A lawyer friend once advised me that should I ever get caught breaking the law, the best thing to do would be to deny everything and keep denying it until kingdom come. That way, he said, I might get a reprieve should the complainant be unable to testify, or the evidence gets bungled, or any other act of God intervenes to save my skin.
Well, I have no intention of getting caught dipping my hands into the till or with a smoking gun, but it seems many other people have taken that advice to heart and have been busy practising it without a worry in the world. In my books, our county governors head the list followed closely by MPs and then by our world-renowned tenderpreneurs. Nobody is ever guilty of malfeasance in Kenya, even if their wrongdoing sticks out like a sore thumb.
This week’s Devolution Conference in Naivasha has been an eye-opener in many respects. Everyone involved agrees that devolution is probably the best thing that ever happened to Kenya, and almost everyone, with the probable exception of county chiefs, agrees that all forms of corruption have been devolved to the grassroots in a big way.
Exactly a week ago, the Ethics and Anti-Corruption Commission threatened to administer a lifestyle audit on governors and senior county staff to establish how they rose from being men of modest means to unimaginable opulence in four years, and a number dared the EACC to bring it on. They had a reason to be defiant.
They know that the anti-corruption body may have all kinds of information, but proving that almost all governors are highly corrupt is another matter altogether. They also know that threatening to bar those with court cases from running for office is so much hot air. Either the EACC does not have the capacity, or nobody really wants to open that particular Pandora’s Box.
It is easy to imagine what would happen should any of those fellows be hauled to court to answer charges of corruption. Not only would they robustly deny the charges, they would mobilise their villagers, complete with boda boda outriders, to escort them to court, and in the end address a brief press conference to accuse their political enemies of undermining them. And considering that there are only five months left before the elections, it is wonder that neither Jubilee nor Nasa has the balls to drag their most ardent supporters to court.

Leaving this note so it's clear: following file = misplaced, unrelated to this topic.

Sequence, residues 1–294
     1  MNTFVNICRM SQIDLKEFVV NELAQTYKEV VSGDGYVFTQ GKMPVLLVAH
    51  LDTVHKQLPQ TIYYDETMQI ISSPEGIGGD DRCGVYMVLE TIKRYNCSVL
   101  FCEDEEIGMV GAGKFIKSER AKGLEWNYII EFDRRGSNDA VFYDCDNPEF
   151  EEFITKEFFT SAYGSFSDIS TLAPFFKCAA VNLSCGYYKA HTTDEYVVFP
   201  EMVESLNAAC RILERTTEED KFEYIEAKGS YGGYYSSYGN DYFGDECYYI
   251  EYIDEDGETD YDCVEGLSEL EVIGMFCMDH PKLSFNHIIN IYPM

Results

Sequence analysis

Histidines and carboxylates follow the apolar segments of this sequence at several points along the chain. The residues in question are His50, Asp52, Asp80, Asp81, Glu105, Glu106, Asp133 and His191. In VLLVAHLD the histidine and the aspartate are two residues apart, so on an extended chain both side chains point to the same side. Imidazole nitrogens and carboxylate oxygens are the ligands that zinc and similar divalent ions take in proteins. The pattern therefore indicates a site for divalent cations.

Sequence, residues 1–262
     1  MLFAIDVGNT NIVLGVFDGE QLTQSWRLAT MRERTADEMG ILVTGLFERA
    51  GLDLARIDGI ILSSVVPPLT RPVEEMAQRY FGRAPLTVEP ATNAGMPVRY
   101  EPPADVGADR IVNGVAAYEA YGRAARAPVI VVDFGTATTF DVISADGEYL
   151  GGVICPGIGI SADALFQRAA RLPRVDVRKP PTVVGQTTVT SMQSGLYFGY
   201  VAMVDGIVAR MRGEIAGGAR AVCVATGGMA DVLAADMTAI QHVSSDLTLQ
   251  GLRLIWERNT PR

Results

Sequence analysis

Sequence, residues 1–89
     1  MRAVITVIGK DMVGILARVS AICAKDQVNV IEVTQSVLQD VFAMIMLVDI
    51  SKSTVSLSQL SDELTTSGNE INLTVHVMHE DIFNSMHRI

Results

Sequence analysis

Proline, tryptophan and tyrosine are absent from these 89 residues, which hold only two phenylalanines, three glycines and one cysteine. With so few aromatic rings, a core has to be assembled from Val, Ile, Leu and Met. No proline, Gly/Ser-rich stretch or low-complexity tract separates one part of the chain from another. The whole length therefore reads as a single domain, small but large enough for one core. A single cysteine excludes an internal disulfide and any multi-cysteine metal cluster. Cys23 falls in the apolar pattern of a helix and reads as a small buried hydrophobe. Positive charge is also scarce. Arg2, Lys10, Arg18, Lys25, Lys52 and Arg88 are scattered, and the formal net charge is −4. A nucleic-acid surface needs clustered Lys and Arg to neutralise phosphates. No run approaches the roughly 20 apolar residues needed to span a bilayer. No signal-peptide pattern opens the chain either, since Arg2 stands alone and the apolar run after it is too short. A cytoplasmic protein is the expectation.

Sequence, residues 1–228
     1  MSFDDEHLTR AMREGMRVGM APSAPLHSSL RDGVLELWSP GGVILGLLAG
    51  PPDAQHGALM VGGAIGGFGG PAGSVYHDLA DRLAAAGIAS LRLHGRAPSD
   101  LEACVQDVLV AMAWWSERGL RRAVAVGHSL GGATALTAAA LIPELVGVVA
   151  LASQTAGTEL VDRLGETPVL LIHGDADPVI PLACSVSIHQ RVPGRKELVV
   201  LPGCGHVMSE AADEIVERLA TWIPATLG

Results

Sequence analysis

During the burial of Nyeri Governor Nderitu Gachagua, both President Uhuru Kenyatta and Opposition leader Raila Odinga did not mince words about what they thought of the latest crop of “Eating Chiefs”. The only fly in the ointment of Devolution, the two leaders agreed, is that although there is plenty of money in the counties, the common people do not really benefit because most of it is going into the pockets of governors and MCAs. And if the governors and MCAs disagree over how the money should be shared between them, then nothing gets done in that county.
Let’s get this straight. Nobody is trying to condone theft from public coffers here. But you can take it from me that none of these practitioners of intransigent righteousness are going to be jailed or barred from holding office. Even if some of these matters are already in court, it won’t happen because any attempt to prosecute these chaps will immediately turn them into heroes, and their re-election will be guaranteed.
What we really should be looking into is how to create enough safeguards, to seal all the loopholes, so that in the future, abuse of office at the county level will be very costly. Although one may quarrel with Mr Kalonzo Musyoka for saying that any future government run by the opposition will jail those guilty of such vices, Kenyans know that few county leaders are clean. The thing to do is to deter the crooks before they get the itch to steal.
There is no question that if the money periodically disbursed by the National Government was used with a modicum of transparency, most of our counties would be transformed into models. In short, if a third of the money transferred to the counties was not stolen or misappropriated, there would be no need for belligerent governors to keep seeking more from the seemingly inexhaustible pool that is the National Treasury.